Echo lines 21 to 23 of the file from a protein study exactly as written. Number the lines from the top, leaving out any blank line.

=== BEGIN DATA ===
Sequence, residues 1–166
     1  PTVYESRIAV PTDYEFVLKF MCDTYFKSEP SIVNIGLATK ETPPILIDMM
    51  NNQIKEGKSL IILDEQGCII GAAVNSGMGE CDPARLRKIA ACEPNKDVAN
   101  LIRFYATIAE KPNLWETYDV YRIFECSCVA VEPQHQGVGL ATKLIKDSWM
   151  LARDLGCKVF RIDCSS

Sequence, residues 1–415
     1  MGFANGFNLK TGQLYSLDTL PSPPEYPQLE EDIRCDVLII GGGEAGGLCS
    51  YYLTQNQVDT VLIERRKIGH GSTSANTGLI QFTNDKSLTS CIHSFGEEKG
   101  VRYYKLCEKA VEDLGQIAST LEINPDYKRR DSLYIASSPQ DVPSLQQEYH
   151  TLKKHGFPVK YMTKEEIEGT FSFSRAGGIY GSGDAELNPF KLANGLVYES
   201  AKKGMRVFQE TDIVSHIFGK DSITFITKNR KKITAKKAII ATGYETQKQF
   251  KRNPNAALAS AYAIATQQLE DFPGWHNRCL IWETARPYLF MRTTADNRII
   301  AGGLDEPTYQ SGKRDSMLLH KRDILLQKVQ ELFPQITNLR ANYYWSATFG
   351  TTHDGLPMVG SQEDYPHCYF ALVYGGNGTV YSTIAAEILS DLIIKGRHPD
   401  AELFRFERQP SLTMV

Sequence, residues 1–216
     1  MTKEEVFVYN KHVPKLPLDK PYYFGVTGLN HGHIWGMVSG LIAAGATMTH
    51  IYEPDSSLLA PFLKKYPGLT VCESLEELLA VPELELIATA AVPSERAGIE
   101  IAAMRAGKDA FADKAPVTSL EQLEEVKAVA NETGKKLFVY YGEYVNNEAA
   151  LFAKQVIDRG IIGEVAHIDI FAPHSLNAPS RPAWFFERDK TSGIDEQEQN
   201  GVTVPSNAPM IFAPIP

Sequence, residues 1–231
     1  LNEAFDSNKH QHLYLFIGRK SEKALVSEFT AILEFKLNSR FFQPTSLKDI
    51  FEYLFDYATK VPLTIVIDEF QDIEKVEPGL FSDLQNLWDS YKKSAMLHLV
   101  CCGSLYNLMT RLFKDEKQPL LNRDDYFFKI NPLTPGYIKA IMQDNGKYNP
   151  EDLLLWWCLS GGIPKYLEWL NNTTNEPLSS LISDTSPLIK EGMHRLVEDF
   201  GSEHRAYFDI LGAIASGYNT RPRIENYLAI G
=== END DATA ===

   201  GVTVPSNAPM IFAPIP

Sequence, residues 1–231
     1  LNEAFDSNKH QHLYLFIGRK SEKALVSEFT AILEFKLNSR FFQPTSLKDI